Popular in numerous recipes, cayenne is a spice that’s made of ground cayenne peppers, a decently hot red chili pepper. Some ground cayenne powders on the market may use cayenne peppers plus a blend of other peppers.
Now I’ve seen some, what I’d consider, exotic substitutions out here on the interwebs. Now I assume if you don’t have cayenne pepper in your pantry, the odds of you having Gochugaru are slim to none. But use it if you got it!
Here are some great cayenne pepper substitutes that you may actually have in your pantry.
The best dry substitutes for ground cayenne pepper:
1. Red pepper flakes
I listed crushed red pepper flakes in the #1 spot mainly because they can usually be found in most pantries. Red pepper flakes typically contain a variety of dried red peppers including cayenne peppers. I’ve found that not all red pepper flakes are equal. Some can be fairly mild while some are quite hot. Taste them first to see just how spicy they are.
If you want them in powder form, simply throw them in a spice grinder (don’t inhale while doing this) and you’ll have a powder that is VERY similar to store bought ground cayenne pepper. Now depending on how spicy the red peppers flakes are, you may need to use more or less to achieve the desired level of spice, but in equal amount of chile flakes in place of cayenne pepper is a good place to start.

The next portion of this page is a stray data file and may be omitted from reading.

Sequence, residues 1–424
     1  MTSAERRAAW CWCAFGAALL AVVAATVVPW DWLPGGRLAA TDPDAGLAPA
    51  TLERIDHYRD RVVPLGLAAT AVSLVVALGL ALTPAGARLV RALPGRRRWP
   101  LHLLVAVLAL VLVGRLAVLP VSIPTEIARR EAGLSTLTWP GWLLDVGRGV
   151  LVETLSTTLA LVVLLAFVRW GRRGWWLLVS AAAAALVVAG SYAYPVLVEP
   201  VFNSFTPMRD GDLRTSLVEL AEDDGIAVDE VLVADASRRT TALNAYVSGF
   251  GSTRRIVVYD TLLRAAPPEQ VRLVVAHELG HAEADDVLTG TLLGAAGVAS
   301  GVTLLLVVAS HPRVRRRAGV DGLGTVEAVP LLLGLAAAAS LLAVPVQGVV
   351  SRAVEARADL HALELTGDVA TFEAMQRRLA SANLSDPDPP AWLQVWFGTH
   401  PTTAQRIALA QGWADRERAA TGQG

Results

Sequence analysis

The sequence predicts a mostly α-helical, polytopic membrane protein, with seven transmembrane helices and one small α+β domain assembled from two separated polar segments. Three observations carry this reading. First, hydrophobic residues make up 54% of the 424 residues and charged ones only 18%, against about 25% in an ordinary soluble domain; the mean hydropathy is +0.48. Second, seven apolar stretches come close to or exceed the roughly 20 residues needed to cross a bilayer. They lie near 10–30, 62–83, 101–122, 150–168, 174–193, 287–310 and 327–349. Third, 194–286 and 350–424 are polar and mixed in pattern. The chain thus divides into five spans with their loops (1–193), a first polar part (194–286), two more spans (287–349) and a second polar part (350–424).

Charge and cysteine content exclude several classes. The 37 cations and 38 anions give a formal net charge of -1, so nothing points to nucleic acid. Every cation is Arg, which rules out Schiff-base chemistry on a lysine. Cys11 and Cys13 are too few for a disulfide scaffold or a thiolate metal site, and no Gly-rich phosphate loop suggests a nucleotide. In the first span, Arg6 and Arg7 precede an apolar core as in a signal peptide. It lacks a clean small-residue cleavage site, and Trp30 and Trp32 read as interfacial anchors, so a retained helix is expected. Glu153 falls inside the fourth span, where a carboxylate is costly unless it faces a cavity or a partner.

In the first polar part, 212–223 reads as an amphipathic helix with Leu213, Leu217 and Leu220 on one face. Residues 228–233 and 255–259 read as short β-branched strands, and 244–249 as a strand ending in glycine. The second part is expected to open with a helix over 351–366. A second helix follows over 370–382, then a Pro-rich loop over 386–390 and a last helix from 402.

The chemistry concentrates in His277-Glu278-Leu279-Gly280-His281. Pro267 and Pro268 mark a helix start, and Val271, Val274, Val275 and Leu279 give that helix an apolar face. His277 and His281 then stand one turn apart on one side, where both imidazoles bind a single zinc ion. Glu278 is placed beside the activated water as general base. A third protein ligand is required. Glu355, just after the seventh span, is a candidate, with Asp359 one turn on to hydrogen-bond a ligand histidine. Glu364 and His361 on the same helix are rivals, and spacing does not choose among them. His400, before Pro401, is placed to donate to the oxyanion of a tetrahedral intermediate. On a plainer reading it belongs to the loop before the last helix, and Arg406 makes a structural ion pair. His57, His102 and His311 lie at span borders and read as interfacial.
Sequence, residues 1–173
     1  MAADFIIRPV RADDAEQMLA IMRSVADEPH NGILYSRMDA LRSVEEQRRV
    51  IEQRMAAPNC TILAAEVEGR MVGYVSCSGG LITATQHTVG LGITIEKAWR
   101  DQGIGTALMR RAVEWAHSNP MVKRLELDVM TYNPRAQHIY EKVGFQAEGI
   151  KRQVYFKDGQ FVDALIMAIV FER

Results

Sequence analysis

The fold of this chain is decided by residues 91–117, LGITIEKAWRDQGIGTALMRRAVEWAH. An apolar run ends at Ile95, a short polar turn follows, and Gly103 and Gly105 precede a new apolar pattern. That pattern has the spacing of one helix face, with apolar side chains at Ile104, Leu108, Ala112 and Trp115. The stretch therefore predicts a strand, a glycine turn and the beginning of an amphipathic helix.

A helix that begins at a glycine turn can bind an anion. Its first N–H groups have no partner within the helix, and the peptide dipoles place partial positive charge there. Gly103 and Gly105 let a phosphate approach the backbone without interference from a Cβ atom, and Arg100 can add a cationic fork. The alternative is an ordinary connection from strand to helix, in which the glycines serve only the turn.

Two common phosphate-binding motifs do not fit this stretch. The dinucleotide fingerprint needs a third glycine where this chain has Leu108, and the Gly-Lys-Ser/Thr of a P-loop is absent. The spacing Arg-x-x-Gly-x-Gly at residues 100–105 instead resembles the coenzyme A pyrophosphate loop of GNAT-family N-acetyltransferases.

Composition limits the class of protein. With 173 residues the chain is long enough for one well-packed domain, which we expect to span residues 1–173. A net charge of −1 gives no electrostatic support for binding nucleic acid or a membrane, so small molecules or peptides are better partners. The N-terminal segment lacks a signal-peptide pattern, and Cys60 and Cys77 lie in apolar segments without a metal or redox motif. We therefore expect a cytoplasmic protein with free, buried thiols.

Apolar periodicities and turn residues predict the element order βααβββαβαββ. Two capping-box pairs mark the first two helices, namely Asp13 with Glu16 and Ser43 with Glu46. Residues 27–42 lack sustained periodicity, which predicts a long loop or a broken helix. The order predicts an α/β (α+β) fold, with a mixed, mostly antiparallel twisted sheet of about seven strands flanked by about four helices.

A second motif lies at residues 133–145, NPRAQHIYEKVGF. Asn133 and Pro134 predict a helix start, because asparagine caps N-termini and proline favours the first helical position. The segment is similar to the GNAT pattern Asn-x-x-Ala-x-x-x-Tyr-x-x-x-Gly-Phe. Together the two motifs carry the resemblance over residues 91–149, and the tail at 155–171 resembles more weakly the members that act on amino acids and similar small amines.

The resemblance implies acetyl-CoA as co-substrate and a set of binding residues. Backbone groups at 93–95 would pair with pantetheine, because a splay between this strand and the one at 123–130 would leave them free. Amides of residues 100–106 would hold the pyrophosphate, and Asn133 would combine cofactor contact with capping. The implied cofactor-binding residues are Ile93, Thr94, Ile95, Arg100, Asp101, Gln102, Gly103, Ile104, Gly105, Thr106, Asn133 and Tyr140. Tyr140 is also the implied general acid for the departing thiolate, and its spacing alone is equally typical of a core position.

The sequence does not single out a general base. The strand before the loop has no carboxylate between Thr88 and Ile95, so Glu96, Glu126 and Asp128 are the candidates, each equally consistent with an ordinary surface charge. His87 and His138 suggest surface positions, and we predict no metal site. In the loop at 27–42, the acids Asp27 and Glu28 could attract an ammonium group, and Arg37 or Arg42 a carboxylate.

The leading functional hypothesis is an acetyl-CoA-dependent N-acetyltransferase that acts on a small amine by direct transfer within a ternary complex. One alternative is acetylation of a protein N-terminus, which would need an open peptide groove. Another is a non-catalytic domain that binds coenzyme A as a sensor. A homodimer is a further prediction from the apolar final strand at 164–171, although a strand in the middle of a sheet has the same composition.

2. Chili Powder
Another easy to find and great cayenne power substitute is chili powder. Most people have this on hand, and I find the heat level to be fairly close to cayenne pepper, although that can vary by brand.
Just be aware that chili powder typically has salt added (and garlic) and cayenne pepper does not. So if using chili powder as a substitute, taste test as you go. It does taste saltier. You may need to lower any added salt in a recipe.
3. Hot Paprika
Also called Hot Hungarian Paprika (not to be mistaken for regular or sweet paprika which has nearly no heat or smoked paprika, which is just too smoky to be a good cayenne pepper substitute).
While I find Hot Paprika to be the closet substitute for cayenne pepper, it’s listed at #3 here but it also wasn’t the easiest to find in the grocery store and I can’t see it being a staple in most pantries.
I checked three grocery stores, and only one carried it, so if you have to shop anyway, then there’s no reason not to just get cayenne pepper. I picked up McCormick’s Hot Hungarian Paprika and, with all the spice substitutes listed, I taste tested it against cayenne pepper. Hot paprika is a tad less spicy than cayenne pepper, so I’d start with equal amount of hot paprika in place of cayenne pepper and then adjust to taste.